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Brian Coyle's enduring legacy

A Minnesota politician's work lives on through a neighborhood center serving Somali residents of Minneapolis

By Luke Hinton

An image of Brian Coyle
Brian Coyle, Minnesota's first openly gay political representative   |  Warrenhanson

When the 30th anniversary of Brian Coyle's passing arrives this August, the Minneapolis community won't look back with sorrow, but instead with hope and prosperity. 

Bryan Coyle was one of Minnesota's first openly gay political representatives. His life and work represented the erosion of social barriers, and spawned a legacy of immigrant welfare and support that remains a crucial component in the city.

A young progressive

Coyle was born in Montana in 1944, but he was raised and educated in Moorhead, Minnesota. As a student in Moorhead, Coyle made his mark during his college years by pioneering teach-ins and protests against the Vietnam War.

His progressive views and passionate direct action were fundamental to his personality. He led task forces on racism and workplace rights for the New American Movement (NAM). After he came out as gay in 1971, he was at the forefront of the state's gay rights movement.

Political beginnings

Undeterred by failed election campaigns for the US Senate and the Minneapolis mayoral position,  Coyle ran for and was elected to the Minneapolis City Council in 1983, where the crux of his progressive work began. 

His tenure spanned three terms. While serving on the Minneapolis City Council, Coyle blazed a trail for marginalized identities to run for public office. Coyle's key policies focused on the city's economic prosperity, housing issues, and human rights, prominently through the Urban Revitalization Action Program of 1986-1988.

Coyle's sexuality was a crucial part of his political life: he spent his time in office fighting homophobia by organizing local Pride festivals and pioneering anti-homophobic community campaigns.

His death from complications of AIDS at age 47 left a hole in the hearts of Minnesota progressives. Coyle died in 1991, around the time that AIDS had started to gain international attention. 

To say that Coyle was before his time in terms of combating social issues and inequalities would be an understatement; the vast impact of Coyle's work is evident in the way his legacy is cherished.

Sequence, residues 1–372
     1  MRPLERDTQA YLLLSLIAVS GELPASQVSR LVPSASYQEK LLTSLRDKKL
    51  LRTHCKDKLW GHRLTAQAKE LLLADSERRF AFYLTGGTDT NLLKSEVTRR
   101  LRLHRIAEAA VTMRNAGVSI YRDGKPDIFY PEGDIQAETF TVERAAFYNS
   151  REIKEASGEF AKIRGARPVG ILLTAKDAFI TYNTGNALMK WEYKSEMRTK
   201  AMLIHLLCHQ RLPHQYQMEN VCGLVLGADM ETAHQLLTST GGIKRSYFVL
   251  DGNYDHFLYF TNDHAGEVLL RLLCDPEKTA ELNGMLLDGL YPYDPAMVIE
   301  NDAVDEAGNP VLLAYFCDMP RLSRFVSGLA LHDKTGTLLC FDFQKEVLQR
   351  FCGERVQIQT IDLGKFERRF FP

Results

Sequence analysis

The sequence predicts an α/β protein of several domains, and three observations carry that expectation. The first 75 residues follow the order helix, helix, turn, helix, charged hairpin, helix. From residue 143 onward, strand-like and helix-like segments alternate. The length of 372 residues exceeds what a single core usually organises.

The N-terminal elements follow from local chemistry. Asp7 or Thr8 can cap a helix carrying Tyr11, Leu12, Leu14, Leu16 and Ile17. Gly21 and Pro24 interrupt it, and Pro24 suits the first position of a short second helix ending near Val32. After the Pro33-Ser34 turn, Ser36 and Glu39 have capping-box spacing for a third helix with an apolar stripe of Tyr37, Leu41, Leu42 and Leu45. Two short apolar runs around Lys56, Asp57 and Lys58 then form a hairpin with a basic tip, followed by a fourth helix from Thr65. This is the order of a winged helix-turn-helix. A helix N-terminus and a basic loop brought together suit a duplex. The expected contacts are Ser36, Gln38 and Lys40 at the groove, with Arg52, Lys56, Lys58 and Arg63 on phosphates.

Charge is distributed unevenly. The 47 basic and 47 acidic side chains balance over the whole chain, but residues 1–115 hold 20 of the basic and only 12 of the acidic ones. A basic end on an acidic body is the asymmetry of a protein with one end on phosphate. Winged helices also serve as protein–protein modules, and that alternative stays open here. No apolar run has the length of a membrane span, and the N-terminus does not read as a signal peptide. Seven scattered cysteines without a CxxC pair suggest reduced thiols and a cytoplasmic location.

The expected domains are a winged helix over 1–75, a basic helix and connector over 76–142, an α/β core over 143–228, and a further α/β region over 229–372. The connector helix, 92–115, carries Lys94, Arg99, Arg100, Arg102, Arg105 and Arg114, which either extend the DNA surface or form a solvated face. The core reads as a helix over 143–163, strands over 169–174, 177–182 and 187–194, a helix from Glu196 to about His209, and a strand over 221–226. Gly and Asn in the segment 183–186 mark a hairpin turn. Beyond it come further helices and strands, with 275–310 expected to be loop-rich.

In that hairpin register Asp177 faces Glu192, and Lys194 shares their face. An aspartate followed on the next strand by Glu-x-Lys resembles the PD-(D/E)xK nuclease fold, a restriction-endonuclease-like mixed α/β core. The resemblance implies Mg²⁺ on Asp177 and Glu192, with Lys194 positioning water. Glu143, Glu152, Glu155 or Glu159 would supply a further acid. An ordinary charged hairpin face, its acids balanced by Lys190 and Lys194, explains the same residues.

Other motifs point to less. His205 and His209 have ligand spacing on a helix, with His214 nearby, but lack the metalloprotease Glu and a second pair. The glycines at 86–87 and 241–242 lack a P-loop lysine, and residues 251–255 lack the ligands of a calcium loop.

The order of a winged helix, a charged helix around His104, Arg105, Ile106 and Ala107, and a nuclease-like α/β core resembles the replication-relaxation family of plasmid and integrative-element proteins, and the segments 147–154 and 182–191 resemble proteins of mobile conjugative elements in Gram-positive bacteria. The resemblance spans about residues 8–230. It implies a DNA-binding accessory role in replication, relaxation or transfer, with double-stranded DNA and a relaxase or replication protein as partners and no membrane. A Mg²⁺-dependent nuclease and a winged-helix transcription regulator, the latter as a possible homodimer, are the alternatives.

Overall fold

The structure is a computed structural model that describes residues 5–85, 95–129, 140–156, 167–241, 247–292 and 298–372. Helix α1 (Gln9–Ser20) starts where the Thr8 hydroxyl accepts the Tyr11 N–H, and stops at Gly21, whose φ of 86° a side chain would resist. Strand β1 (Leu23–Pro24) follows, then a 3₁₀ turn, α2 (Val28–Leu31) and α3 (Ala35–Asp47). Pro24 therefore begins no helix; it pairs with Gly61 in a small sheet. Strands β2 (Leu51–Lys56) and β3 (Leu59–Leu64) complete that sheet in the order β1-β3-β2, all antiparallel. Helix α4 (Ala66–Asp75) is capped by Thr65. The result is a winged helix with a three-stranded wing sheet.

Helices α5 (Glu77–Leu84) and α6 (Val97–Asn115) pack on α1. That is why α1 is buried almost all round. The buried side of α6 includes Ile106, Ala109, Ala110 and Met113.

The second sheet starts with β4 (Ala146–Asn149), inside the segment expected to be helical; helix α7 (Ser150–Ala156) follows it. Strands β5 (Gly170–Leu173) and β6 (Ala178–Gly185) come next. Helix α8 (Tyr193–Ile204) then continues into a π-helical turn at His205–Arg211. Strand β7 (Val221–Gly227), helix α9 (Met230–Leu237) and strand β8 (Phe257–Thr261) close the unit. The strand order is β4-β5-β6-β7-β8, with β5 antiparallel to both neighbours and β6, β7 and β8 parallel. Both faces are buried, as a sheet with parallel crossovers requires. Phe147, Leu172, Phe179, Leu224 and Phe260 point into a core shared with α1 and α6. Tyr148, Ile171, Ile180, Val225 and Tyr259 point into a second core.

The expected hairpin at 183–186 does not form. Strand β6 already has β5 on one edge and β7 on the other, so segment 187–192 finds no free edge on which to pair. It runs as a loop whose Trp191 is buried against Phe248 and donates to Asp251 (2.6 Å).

The Brian Coyle Neighborhood Center

Somali community members at the Brian Coyle Neighborhood Center
Somali community members at the Brian Coyle Neighborhood Center in Minneapolis  |  Pillsbury United Communities

Coyle's legacy of fighting for marginalized communities carries on today.

Nestled in the Cedar-Riverside neighborhood of Minneapolis is the Brian Coyle Neighborhood Center (often referred to simply as Brian Coyle or the Brian Coyle Center), self-described as "the Ellis Island of the Midwest." The Center was named after Coyle in 1993 due to the years he spent fighting for racial equality. 

Primarily serving the city's Somali community, the Center's work ranges from providing free food and legal advice, to the Immigrant Women's Advocacy Program which provides childcare, housing, and employment to immigrants in the city.

Minneapolis immigrant community has a place of solace thanks, in part, to Coyle's dedication to helping those on the fringes of social life. The Brian Coyle Center continues to support immigrants in the midst of a pandemic with free COVID-19 vaccinations. Recent vaccination pop-up events at the Brian Coyle Center help fulfill the Center's mission to accommodate the needs of the community. Coyle's dedication to the less privileged carries on into a post-pandemic world.

Coyle's impact on his local community has not dulled since his passing three decades ago. The adversities that Coyle faced, from institutionalized homophobia to lost elections, cemented him as a timeless Minnesotan politician, with memorials in his name and free education and support available from the Brian Coyle Center.

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